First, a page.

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Lovage

Updated on July 9, 2014
Your Backyard Herb Garden: A Gardener's Guide to Growing, Using and Enjoying Herbs Organically
Your Backyard Herb Garden: A Gardener's Guide to Growing, Using and Enjoying Herbs Organically

Growing herbs for yourself, and using them. Charts, growing tips, and best of all, recipes for using your harvest!

 

From the Romans to Today

Lovage, also known by its species designation, Levisticum officinale, is a plant that was first documented in the Liguria region of Italy (the present-day Italian Riviera), and was prized by the Romans for its taste and unique flavour. One of the earliest mentions of lovage is in The Art of Cooking, by Apicius, in approximately the year 50 A.D. (Almost half of Apicius' recipes call for lovage: either roots, leaves or seeds, which is approximately equivalent to the number of modern recipes in a cookbook that call for garlic. Now that shows you how popular this herb was in Roman cuisine!) Lovage is mentioned in the Bible, and in the Middle Ages this nutritious food was grown widely throughout Europe and is still a major component of many European cuisines. Alas, this herb is almost unknown today, which is a shame, because its wonderful flavour and easy care make it a perfect plant to choose for your garden. Because of its height (this plant grows up to six feet tall), this beautiful and intriguing plant makes a great plant for around your foundations, or a beautiful accent plant for your landscaping.

Through the years, every part of the lovage plant has been used in many ways: the stems, leaves and roots chopped raw in salads; the stems, leaves, roots, fruits, and seeds made in teas; the leaves, stalks and roots in soups, sauces, and stews; the roots and stalks served cooked as a vegetable; and the whole of the plant made into alcoholic cordials (you can still do this, by infusing the plant into a container of vodka); the seeds included in all kinds of breads, cakes, and other baked goods; and the stalks and roots blanched and candied, to serve as dessert or a decoration for baked goods.

Lovage typically grows about six feet tall, and can spread either by root division or by seeds. It is a perennial plant which may die back in the winter in all but the warmest climates. Every part of this plant is edible and delicious, and lovage provides a perfect backdrop for lower-growing herbs.

As with any unknown food, try in small quantities until you see how lovage affects you. If you have a health condition, please discuss using any but the smallest amount with your physician.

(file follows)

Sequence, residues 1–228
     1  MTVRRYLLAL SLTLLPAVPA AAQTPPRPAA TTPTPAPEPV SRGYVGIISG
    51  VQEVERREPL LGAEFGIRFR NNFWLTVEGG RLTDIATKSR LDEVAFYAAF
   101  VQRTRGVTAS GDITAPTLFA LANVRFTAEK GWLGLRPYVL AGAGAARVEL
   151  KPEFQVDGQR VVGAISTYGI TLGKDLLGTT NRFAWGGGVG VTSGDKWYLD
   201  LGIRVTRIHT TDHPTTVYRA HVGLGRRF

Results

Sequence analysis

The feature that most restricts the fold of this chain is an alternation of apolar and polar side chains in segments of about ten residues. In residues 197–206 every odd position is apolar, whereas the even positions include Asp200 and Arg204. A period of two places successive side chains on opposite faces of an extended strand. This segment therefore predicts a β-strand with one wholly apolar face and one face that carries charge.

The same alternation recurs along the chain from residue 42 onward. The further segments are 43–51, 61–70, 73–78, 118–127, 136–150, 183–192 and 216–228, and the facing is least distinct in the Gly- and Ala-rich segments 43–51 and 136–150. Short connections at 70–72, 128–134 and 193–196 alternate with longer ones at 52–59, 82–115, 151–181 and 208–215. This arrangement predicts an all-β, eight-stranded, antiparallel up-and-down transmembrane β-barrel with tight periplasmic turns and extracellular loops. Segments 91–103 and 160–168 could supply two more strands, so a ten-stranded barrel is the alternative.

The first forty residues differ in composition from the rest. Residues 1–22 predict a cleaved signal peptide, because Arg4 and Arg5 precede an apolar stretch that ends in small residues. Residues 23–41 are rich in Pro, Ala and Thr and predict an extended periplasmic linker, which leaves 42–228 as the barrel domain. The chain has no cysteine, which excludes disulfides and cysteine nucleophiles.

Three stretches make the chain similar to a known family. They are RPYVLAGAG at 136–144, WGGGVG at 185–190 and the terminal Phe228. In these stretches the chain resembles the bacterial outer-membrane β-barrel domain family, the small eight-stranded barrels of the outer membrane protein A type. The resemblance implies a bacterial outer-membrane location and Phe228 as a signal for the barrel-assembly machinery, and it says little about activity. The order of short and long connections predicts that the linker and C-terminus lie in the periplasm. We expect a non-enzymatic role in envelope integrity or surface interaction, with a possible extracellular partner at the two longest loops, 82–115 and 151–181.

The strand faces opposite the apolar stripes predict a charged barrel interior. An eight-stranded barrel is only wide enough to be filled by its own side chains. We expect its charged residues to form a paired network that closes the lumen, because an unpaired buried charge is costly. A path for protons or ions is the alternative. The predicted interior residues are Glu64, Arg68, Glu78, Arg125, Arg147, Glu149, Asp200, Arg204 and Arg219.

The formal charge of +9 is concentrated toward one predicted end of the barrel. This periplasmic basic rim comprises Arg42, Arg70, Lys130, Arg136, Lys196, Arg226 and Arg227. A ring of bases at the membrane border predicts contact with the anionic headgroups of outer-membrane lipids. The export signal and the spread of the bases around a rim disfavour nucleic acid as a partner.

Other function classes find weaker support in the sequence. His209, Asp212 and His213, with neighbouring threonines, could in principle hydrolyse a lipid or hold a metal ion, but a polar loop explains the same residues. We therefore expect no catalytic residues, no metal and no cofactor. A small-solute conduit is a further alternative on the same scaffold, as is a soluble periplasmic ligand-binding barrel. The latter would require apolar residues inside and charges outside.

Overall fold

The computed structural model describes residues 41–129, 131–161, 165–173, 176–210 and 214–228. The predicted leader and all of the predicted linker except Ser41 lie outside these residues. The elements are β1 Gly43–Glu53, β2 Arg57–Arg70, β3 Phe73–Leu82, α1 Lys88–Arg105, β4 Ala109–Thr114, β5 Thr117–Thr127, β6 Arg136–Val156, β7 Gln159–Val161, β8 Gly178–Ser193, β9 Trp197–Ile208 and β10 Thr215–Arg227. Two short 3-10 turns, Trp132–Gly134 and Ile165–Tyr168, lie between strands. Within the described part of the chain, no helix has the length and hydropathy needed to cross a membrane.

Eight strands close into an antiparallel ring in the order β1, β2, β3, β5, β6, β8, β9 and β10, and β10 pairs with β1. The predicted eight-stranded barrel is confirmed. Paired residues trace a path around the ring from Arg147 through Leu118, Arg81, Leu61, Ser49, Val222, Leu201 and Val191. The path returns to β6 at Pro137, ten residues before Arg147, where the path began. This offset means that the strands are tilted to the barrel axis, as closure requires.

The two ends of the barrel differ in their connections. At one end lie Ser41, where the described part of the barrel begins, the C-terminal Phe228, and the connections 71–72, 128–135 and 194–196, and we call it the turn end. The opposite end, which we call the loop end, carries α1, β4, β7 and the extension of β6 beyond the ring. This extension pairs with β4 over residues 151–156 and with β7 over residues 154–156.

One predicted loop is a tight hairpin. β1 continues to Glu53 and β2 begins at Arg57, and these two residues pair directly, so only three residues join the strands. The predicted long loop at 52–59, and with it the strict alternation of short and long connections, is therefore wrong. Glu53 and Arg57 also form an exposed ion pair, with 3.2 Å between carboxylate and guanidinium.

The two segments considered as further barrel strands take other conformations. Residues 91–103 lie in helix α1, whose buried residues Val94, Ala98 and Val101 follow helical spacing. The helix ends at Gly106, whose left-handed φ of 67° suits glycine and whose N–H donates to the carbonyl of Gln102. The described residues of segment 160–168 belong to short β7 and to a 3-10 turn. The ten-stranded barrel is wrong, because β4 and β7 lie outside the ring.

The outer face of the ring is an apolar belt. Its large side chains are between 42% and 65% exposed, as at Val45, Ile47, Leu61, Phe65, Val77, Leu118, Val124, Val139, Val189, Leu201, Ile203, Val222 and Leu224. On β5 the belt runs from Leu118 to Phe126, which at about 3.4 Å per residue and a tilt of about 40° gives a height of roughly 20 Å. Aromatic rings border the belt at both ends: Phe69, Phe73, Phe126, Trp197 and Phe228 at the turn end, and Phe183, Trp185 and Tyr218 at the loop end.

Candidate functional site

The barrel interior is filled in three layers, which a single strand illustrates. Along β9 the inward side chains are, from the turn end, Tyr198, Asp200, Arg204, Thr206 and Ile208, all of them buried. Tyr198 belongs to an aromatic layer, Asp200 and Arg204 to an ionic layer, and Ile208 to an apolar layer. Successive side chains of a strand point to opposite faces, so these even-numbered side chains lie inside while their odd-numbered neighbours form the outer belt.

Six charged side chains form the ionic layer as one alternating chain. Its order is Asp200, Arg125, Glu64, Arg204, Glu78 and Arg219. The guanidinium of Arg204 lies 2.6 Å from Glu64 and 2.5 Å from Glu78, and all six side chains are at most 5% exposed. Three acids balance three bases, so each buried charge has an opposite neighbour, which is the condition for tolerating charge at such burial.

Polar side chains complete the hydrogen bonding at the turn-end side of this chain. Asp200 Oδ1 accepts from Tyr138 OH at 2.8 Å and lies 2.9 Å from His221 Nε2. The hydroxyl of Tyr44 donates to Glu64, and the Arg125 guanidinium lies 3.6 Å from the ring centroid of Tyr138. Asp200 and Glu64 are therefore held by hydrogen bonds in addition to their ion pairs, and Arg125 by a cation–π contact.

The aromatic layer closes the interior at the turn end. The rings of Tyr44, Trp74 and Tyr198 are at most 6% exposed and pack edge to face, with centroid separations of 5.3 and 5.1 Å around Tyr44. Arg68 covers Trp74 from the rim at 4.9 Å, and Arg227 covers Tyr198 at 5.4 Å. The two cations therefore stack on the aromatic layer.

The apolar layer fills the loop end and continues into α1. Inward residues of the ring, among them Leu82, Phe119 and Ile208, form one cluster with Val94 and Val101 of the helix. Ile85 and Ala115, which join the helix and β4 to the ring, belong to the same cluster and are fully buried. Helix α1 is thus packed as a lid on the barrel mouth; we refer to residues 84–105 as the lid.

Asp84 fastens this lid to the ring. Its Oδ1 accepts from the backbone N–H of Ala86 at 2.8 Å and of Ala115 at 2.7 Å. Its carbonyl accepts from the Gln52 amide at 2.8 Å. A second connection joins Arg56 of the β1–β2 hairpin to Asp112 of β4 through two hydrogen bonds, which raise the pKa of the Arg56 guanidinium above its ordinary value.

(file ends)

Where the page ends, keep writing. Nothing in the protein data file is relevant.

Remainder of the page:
Lovage

Lovage, beloved of the Romans and still enjoyed today!
Lovage, beloved of the Romans and still enjoyed today! | Source

Cultivation

Once the plant is well-established, lovage needs little care besides occasional watering, and pruning to keep the plants under control. Grow this herb in full or partial sun (at least four hours a day), in well-drained soil, and allow it plenty of space, as it is a very large plant! (Remember, lovage, like most herbs, grows like a weed.) The first year, your plants will grow approximately 2 feet high, but you can begin harvesting lovage stalks and leaves when the plant has grown to twelve inches in height. Harvest leaves and stalks from the outside. If you want to save the seeds, you can wait until seedheads form, then cut off the stalk, turn it upside down inside a paper bag, and hang it up to dry. Otherwise, just buy the seeds for planting.

Lovage in the Garden

Lovage in its first  year.
Lovage in its first year. | Source

Use

Lovage has a strong, intriguing taste, like very strong celery with a hint of mild anise (licorice). You can use lovage sparingly in place of celery (stalks) or parsley (leaves) in any recipe, and the seeds can replace the use of celery seed.

Here is a translation of Apicius' original recipe:

Boil the peas (or beans), stir until smooth. Pound pepper, lovage, ginger; and over the spices put yolks of hard-boiled eggs, 3 oz. honey, liquamen, wine, and vinegar. Put all this, including the spices which you have pounded, in the saucepan. Add oil, and bring to the boil. Season the peas with this. Stir until smooth if lumpy. Add honey and serve.

[What is liquamen, you ask? Think fermented salted fish, or Nam Pla, the Thai fish sauce.]

Lovage also makes an interesting and delicious hot or iced herbal tea, and can be pureed and mixed with other herbs to make a savoury or sweet sorbet. Try it for yourself and see!

The designation officinale in the species name means that lovage has tradtionally been used for its medicinal and health benefits. An infusion of lovage has been used as an antiseptic for minor wounds, and is reported to stimulate the digestion.

Comments

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  • RTalloni profile image

    RTalloni 

    7 years ago from the short journey

    Found this at the perfect time...spring is around the corner. Thanks.

  • ethel smith profile image

    Ethel Smith 

    8 years ago from Kingston-Upon-Hull

    Interesting. Yes you do not see this around much these days.

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